How to Sell Yourself as an Intern – CV & Cover Letter
As a corporate body, we receive application emails from several interns every now and then. These emails, in most cases, remain unattended to for two reasons: they look unbelievably fake and totally unprofessional for a soon-to-be university graduate.
Job hunting isn’t exactly a pleasant task, that’s why university students decide to test the waters before they graduate.
All the same, you shouldn’t handle this pre-job hunt with levity, you have to put as much work into it, just as you plan to after your graduation.
However, to be successful in the job market, you need an in-depth understanding of what you’re selling. You need to identify your unique attribute and how to communicate it with employers.
One easy way around this is to view job- hunting in its crudest form, consider yourself as a product or an individual brand.
Your time in the university serves as a manufacturing phase, and your goal is to sell your “product” in the “job market”.
CV & Cover Letter
While applying for an internship, you have to submit an outstanding resume and cover letter. If your application is good enough, you’ll receive an invitation to an interview, but if it’s not, you’re definitely getting ignored and your cover letter would probably land on a blog post titled “Examples of Cover Letters you Shouldn’t Copy”.
There’s a viral misunderstanding as regards the importance of a cover letter, so interns tend to focus all their energy on the CV. Note that this belief in the irrelevancy of a cover letter can be detrimental to your professional success.
[tweetshare tweet=”There’s always a recruiter who bases their entire hiring decision on how good your cover letter is.”]
A resume and cover letter work hand in hand and they are the foundation of your success as a job applicant. If you get both right and hit your interview out of the park, you’d definitely receive an internship or a job offer.
In case you’re not sure about the point of writing a cover letter, keep reading.
The purpose of a CV is to communicate your achievements to a potential employer and a CV never uses personal pronouns like “I” or “Me”. So, instead of saying, “I helped grow the ICT Instagram account to 10,000 followers” a CV states, “helped grow the ICT Instagram account to 10,000 followers”.
Because of this traditional formatting, it can be difficult for prospective interns to express their personality, hence a cover letter.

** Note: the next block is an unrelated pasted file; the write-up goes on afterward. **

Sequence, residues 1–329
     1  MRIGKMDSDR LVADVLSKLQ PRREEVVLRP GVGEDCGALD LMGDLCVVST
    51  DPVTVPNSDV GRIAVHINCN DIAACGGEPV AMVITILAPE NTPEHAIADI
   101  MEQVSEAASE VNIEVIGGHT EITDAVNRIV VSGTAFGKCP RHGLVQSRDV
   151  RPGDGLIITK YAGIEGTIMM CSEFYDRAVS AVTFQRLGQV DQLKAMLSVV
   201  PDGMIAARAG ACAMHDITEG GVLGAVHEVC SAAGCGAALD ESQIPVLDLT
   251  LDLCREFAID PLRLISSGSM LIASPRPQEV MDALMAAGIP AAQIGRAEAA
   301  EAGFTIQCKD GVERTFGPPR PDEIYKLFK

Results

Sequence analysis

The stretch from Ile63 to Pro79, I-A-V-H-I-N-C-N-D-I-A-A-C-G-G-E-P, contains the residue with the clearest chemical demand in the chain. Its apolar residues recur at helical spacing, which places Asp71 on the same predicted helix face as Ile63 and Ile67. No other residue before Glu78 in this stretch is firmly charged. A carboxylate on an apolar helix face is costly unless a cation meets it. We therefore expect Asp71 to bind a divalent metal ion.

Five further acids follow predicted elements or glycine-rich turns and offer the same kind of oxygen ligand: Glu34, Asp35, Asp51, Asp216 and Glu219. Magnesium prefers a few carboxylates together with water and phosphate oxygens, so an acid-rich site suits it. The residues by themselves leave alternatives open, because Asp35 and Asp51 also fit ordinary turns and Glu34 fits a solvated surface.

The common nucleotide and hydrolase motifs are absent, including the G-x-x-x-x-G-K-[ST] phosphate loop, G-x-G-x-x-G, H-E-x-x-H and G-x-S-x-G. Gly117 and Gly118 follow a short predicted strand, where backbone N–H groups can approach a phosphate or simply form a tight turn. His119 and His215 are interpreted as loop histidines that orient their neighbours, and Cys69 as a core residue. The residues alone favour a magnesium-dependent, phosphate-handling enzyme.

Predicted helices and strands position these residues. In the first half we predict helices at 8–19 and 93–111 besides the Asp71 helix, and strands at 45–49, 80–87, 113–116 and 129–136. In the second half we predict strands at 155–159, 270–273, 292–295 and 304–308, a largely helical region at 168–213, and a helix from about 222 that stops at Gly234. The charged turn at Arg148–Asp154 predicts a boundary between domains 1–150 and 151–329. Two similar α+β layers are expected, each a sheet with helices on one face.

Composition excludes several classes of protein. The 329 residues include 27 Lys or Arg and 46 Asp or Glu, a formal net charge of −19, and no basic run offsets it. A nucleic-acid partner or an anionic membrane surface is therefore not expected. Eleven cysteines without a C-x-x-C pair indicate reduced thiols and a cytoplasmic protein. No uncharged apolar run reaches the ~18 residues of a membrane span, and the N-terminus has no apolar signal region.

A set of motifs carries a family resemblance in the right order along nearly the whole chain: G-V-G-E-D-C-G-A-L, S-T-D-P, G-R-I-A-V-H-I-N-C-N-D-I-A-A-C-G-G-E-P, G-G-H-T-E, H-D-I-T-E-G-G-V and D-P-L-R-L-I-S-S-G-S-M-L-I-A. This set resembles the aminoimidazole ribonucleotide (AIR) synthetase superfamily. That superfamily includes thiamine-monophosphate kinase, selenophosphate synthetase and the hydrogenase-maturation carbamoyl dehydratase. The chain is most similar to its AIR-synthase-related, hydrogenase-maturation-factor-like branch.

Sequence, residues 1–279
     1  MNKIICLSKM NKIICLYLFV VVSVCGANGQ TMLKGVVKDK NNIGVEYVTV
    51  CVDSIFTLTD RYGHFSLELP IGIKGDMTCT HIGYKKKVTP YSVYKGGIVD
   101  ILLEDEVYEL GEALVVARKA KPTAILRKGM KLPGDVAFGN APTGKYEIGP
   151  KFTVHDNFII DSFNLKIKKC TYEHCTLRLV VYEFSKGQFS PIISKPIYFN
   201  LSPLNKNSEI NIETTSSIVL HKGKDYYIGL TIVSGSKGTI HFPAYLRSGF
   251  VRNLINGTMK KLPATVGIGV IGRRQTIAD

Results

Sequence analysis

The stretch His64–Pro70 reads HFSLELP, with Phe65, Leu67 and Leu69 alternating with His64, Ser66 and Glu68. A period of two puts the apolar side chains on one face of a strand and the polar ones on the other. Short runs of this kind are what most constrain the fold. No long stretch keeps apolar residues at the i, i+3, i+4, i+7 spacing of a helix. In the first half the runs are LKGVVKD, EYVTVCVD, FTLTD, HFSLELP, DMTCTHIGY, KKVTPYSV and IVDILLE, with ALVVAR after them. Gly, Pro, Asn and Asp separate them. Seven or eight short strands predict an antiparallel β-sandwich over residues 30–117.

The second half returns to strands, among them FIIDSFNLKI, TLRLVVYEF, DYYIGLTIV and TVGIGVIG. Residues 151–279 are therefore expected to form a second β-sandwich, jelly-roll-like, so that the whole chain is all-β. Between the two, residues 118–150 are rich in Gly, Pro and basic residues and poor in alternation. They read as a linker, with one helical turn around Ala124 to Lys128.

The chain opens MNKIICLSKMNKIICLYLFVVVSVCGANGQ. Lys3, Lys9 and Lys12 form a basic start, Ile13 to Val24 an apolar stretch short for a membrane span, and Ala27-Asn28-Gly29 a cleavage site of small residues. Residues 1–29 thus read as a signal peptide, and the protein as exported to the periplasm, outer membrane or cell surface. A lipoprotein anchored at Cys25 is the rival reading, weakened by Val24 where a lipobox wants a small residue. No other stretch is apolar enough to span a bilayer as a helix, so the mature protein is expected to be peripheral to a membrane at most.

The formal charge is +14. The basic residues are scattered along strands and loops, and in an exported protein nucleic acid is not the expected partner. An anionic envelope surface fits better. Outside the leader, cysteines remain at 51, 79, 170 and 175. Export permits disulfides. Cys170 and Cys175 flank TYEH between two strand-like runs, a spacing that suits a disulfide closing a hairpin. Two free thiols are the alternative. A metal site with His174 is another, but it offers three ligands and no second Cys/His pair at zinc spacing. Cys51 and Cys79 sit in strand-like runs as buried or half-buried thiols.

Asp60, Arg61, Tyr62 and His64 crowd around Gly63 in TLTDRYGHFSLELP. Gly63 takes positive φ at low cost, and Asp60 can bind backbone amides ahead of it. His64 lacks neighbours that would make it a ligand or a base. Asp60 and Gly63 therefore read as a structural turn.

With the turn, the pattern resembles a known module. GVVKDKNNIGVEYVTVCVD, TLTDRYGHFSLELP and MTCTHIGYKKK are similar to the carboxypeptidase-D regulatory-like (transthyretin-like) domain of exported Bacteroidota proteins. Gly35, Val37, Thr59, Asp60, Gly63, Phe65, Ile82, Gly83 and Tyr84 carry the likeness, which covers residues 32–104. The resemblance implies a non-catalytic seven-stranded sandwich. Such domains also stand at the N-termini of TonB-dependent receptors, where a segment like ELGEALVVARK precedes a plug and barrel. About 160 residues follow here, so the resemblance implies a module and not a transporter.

These are three major purposes of a cover letter:
- Introduce yourself to the prospective employer.
- Express your interest in a specific position available in the company.
- Explain why the company should hire you.
Consider all these other bulleted points while writing a CV & Cover Letter:
- Who are you?
- Why are you writing?
- Why are you interested in the available position?
- Why do you want to work for the company?
- What makes you qualified for the position?
- What specific experiences, i.e. student organizations (Red Cross, SUG), courses) prepared you for the role?
- Use corporate emails while writing both.
- Don’t “apply for the position of intern”, you should “apply as an intern”.
- The fact that you have a CPGA of 4.59 doesn’t mean you automatically qualify for the job, you have to improve your skills in written and spoken English. Learn the difference between “been” and “being”, “their” and “there”, “am” and “I’m”.
- Learn to punctuate your sentences appropriately.
- If you’re going to contract your CV & Cover Letter out, make sure your spoken and written English is as good as what you initially portrayed. Companies hire people, not paper, so even if you have the best CV, you still have to sell yourself.
- Whenever you have to use the word “I”, make sure it’s in capital letter.
- A Cover Letter for an internship must explain what you want to learn and why you want to learn it.
- Explain how you’ll bring value to the organization.
- Don’t overdo it, avoid listing 5 different positions at a time.